This being very clear, what interests us most is the emphasis which Paul throws on holiness in his designation of the divine nature of Christ. The simple word ‘Spirit’ might have been ambiguous: when ‘the Spirit of holiness’ is spoken of, the divine nature is expressly named. No doubt, Paul might have used the adjective, ‘holy,’ instead of the genitive of the substantive, ‘of holiness’; and have said ‘the Holy Spirit.’ Had he done so, he would have as expressly intimated deity as in his actual phrase. But he would have left open the possibility of being misunderstood as speaking of that distinct Holy Spirit to which this designation is commonly applied. The relation in which the divine nature which he attributes to Christ stands to the Holy Spirit was in Paul’s mind no doubt very close; as close as the relation between ‘God’ and ‘Lord’ whom he constantly treats as, though two, yet also one. Not only does he identify the activities of the two (e. g., Rom. viii. 9 ff.); but also, in some high sense, he identifies them themselves. He can make use, for example, of such a startling expression as ‘the Lord is the Spirit’ (II Cor. iii. 17). Nevertheless it is perfectly clear that ‘the Lord’ and ‘the Spirit’ are not one person to Paul, and the distinguishing employment of the designations ‘the Spirit,’ ‘the Holy Spirit’ is spread broadcast over his pages. Even in immediate connection with his declaration that ‘the Lord is the Spirit,’ he can speak with the utmost naturalness not only of ‘the Spirit of the Lord,’ but also of ‘the Lord of the Spirit’ (II Cor. iii. 17 f.). What is of especial importance to note in our present connection is that he is not speaking of an endowment of Christ either from or with the Holy Spirit; although he would be the last to doubt that He who was made of the seed of David according to the flesh was plenarily endowed both from and with the Spirit. He is speaking of that divine Spirit which is the complement in the constitution of Christ’s person of the human nature according to which He was the Messiah, and by virtue of which He was not merely the Messiah, but also the very Son of God. This Spirit he calls distinguishingly the Spirit of holiness, the Spirit the very characteristic of which is holiness. He is speaking not of an acquired holiness but of an intrinsic holiness; not, then, of a holiness which had been conferred at the time of or attained by means of the resurrection from the dead; but of a holiness which had always been the very quality of Christ’s being. He is not representing Christ as having first been after a fleshly fashion the son of David and afterwards becoming by or at the resurrection from the dead, after a spiritual fashion, the holy Son of God. He is representing Him as being in his very nature essentially and therefore always and in every mode of His manifestation holy. Bousset is quite right when he declares that there is no reference in the phrase ‘Spirit of holiness’ to the preservation of His holiness by Christ in His earthly manifestation, but that it is a metaphysical designation describing according to its intrinsic quality an element in the constitution of Christ’s person from the beginning. This is the characteristic of the Christ Paul preached; as truly His characteristic as that He was the Messiah. Evidently in Paul’s thought of deity holiness held a prominent place. When he wishes to distinguish Spirit from spirit, it is enough for him that he may designate Spirit as divine, to define it as that Spirit the fundamental characteristic of which is that it is holy.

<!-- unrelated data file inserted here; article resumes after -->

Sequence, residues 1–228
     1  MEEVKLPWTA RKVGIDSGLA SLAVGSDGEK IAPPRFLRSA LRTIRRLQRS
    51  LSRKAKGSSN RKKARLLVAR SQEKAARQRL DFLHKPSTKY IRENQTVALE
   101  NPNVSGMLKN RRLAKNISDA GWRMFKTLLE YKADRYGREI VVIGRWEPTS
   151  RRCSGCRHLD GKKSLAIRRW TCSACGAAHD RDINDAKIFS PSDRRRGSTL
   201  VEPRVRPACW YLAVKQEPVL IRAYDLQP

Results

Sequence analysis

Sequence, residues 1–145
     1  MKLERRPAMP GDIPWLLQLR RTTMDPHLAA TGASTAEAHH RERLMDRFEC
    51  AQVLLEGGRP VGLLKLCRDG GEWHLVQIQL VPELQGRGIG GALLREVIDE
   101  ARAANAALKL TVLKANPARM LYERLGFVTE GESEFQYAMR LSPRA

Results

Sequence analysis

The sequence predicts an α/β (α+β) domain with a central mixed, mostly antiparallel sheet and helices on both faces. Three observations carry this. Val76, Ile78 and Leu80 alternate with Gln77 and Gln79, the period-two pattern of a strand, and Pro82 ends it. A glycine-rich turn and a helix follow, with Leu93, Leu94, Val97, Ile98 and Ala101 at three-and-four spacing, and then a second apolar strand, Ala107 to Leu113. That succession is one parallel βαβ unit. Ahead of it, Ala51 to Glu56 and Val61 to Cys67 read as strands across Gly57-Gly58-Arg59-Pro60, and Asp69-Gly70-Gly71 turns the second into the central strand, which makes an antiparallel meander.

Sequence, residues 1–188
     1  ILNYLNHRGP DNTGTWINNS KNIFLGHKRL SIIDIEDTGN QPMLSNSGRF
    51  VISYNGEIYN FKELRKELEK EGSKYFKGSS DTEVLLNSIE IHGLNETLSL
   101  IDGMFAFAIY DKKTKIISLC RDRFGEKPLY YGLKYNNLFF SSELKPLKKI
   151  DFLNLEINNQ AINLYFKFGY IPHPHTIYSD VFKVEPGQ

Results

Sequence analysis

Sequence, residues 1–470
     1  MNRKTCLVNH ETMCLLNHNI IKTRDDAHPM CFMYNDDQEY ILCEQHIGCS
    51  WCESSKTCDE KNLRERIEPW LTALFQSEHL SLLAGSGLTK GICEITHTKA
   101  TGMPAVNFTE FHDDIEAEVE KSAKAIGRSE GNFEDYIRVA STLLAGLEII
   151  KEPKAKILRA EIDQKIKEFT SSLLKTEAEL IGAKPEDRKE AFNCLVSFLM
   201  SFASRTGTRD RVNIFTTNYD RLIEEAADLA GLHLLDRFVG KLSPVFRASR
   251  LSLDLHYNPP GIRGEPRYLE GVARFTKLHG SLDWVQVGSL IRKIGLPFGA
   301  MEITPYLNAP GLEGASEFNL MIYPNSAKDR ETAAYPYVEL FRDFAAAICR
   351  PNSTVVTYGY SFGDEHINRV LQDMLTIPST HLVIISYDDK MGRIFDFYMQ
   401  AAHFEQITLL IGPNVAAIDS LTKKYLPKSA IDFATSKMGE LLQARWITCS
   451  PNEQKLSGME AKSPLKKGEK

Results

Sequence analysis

It belongs to the very essence of the conception of Christ as Paul preached Him, therefore, that He was of two natures, human and divine. He could not preach Him at once as of the seed of David and as the Son of God without so preaching Him. It never entered Paul’s mind that the Son of God could become a mere man, or that a mere man could become the Son of God. We may say that the conception of the two natures is unthinkable to us. That is our own concern. That a single nature could be at once or successively God and man, man and God, was what was unthinkable to Paul. In his view, when we say God and man we say two natures; when we put a hyphen between them and say God-man, we do not merge them one in the other but join the two together. That this was Paul’s mode of thinking of Jesus, Bousset, for example, does not dream of denying. What Bousset is unwilling to admit is that the divine element in his two-natured Christ was conceived by Paul as completely divine. Two metaphysical entities, he says, combined themselves for Paul in the person of Christ: one of these was a human, the other a divine nature: and Paul, along with the whole Christian community of his day, worshipped this two-natured Christ, though he (not they) ranked Him in his thought of His higher nature below the God over all.